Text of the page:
The other woman who steps forward is the unlikely Queen Elizabeth Woodville. Several years older than Edward IV, Queen Elizabeth would secretly marry the King causing scandal at the court and upsetting the careful diplomacy planned by Edward IV's adviser, Richard Neville, the Earl of Warwick. Elizabeth Woodville is the heroine of The White Queen series, but her controversial marriage would drive a wedge into the large York family. The Yorks are filled with ambition and a good deal of the reason that Richard III was able to usurp the throne from his nephew the child king Edward V stems from Elizabeth Woodville's secret marriage and the advancement of her large family.
Richard Neville is better known to history as Warwick the Kingmaker. He was the power behind Edward IV coming to the throne and when he did not favor Edward's policies he was able to take his own discontent and marry it, in a fashion, with that of Edward IV's ambitious brother, George, Duke of Clarence. Warwick would use his two daughters Isabel and Anne to make strategic alliances. Anne is the focus of the story as she would become the queen consort of Richard III. What is very frustrating is that there just isn't a lot of primary source documentation about Anne Neville's life. As she and her sister Isabel were her father's heirs, she was a very rich potential bride. Isabel was married to George in 1469 and George and Warwick would defect to the cause of Henry VI and Margaret of Anjou. Anne would be married to Edward, Prince of Wales, but there is no evidence that the marriage between these young teenagers was ever consummated. Nor is there any reason to believe that she was unwilling to marry Richard III a few years later, no matter the beautiful seduction scene in Shakespeare's Richard III. As a matter of fact, Anne and Richard knew each other as children with Richard being raised in Warwick's household. George, Richard's brother did not want Anne to marry Richard as it was in George's best interest to keep the Warwick inheritance solely in the hands of his wife, Isabel. It would be wonderful to find documentation about exactly when Richard and Anne's son, another Edward was born and how Anne felt about taking the throne from Edward IV's son, but we will never know.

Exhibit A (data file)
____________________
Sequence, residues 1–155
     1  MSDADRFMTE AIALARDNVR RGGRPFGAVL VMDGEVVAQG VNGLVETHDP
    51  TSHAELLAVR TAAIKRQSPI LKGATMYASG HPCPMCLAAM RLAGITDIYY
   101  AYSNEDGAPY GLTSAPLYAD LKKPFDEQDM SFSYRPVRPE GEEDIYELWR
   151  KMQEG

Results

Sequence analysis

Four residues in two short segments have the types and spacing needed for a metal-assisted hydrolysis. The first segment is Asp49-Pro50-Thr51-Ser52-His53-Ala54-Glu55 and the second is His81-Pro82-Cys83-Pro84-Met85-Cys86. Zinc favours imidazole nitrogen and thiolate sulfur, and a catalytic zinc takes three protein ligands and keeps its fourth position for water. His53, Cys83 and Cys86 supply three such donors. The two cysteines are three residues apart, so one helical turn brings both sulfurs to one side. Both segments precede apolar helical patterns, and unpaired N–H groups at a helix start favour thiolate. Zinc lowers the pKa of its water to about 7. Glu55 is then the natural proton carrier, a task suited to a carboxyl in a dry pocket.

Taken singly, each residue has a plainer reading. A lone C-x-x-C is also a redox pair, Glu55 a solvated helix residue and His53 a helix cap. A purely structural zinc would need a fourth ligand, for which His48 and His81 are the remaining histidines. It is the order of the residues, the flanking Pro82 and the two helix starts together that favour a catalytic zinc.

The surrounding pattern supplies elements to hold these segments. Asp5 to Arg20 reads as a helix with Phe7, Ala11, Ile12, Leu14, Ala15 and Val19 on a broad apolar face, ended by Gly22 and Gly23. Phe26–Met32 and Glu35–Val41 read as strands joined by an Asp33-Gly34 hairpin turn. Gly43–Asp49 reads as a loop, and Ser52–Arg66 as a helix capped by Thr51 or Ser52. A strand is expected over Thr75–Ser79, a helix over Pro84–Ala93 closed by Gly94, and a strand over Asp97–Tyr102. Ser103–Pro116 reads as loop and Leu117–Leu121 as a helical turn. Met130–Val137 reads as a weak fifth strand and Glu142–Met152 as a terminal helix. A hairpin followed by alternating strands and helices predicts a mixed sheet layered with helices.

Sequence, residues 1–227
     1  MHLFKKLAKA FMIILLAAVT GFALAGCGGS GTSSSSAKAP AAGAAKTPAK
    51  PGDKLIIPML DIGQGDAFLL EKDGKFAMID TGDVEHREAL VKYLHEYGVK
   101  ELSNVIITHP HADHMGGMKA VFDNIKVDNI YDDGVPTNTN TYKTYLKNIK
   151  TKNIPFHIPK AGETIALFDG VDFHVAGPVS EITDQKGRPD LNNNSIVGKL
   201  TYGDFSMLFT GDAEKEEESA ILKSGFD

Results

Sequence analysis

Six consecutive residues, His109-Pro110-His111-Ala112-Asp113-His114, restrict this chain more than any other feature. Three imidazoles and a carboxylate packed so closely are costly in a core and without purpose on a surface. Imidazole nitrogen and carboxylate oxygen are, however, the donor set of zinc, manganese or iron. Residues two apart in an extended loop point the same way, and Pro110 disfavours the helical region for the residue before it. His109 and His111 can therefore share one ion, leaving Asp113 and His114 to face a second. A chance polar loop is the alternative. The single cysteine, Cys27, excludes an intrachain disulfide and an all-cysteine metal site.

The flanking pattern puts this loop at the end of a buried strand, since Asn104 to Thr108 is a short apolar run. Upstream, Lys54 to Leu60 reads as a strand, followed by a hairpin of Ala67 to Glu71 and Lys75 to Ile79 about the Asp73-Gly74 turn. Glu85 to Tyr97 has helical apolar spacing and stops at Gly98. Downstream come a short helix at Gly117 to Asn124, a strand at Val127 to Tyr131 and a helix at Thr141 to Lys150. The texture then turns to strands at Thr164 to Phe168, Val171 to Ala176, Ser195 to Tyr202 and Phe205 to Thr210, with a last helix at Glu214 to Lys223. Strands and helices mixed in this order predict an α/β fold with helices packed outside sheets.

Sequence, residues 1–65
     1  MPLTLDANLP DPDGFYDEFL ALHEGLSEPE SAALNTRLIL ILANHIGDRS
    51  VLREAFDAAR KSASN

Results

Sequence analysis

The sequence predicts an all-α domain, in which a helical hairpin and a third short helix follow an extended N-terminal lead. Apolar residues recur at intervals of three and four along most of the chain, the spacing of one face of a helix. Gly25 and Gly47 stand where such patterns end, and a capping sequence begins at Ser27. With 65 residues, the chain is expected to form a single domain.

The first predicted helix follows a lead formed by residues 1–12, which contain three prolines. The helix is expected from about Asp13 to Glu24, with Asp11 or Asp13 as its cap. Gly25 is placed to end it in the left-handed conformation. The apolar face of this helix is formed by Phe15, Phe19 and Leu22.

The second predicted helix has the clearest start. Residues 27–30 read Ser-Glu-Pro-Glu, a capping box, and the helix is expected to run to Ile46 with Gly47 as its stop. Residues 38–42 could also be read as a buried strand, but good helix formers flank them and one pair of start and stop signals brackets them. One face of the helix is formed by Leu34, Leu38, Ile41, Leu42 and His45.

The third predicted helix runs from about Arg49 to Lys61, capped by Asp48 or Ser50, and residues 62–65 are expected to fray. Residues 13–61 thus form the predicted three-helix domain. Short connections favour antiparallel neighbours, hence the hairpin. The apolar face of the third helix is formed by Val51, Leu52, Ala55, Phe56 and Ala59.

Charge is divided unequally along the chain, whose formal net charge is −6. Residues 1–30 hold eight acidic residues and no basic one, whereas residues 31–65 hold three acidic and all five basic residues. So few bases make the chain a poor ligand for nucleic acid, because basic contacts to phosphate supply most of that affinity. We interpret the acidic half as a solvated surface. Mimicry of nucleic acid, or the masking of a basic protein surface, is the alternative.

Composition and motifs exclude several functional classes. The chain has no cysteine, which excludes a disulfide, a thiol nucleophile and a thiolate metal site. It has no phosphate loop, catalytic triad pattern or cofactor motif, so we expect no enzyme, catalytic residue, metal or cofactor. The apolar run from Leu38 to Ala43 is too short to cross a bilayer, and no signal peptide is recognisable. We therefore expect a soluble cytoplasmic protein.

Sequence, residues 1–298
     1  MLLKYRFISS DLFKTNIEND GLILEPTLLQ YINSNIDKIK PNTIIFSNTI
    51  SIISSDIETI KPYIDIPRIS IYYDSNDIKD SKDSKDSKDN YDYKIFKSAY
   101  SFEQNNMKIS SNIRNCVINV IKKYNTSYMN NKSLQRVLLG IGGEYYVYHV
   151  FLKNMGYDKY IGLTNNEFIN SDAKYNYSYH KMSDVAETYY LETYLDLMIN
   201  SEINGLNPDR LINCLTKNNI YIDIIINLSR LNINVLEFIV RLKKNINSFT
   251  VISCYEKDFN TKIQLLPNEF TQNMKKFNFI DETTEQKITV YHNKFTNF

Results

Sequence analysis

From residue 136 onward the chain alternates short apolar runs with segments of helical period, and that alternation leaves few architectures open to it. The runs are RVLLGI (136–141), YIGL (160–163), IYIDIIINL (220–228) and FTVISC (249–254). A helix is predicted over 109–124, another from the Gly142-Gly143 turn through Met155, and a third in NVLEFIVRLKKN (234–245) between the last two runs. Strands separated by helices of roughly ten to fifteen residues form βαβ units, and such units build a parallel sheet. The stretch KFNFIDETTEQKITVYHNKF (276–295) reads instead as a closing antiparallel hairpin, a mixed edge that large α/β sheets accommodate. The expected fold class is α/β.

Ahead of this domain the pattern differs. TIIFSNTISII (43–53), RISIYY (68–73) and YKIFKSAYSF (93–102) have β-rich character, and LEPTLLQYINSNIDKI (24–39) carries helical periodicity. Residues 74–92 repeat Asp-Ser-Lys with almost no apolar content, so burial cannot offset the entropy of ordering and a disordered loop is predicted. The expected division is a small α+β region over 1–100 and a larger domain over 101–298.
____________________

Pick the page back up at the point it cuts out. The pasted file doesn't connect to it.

The final two women really intersect during the reign of Henry VII. Queen Elizabeth of York is the eldest child of Edward IV and Elizabeth Woodville. As with most princesses she is a marriage pawn being offered in alliance on the continent and also several times to the exiled Henry Tudor. Most likely Edward IV was using the offer of marriage to get Henry Tudor to return to England so that this unlikely heir to the Lancastrian lineage could be captured and neutralized. Following Richard III's coup, which from Richard's perspective was necessary if you note that the death of Edward IV caused another power struggle between the named protector Richard and the relatives of Queen Elizabeth Woodville. Henry Tudor became the unlikely rallying figure for the opposition to Richard III once the rumors began that Edward V and his brother were dead. Elizabeth of York would be the cement in an alliance between Queen Elizabeth Woodville and Henry's mother, Lady Margaret Beaufort. Her marriage would create an uneasy end to the Wars of the Roses, but her husband's crown was never completely secure.
Margaret of Burgundy was a large factor in that insecurity. Married off by her brother to the Duke of Burgundy, Margaret would not have children of her own, but would be a powerful regent for her stepchildren. Margaret became the person who strongly supported the cause of Perkin Warbeck, who claimed to be the younger of the missing princes. Despite having never met her brother's children and not caring that her actions were endangering her niece as Queen of England, Margaret of Burgundy is another fascinating powerful woman that deserves a more in depth biography.
Sarah Gristwood has written a compelling and insightful look into the lives of the real life women of the Wars of the Roses. If The White Queen and the novels of Philippa Gregory have peaked your interest into learning about the history of theses women, Sarah Gristwood's Blood Sisters is the perfect place to learn their compelling history.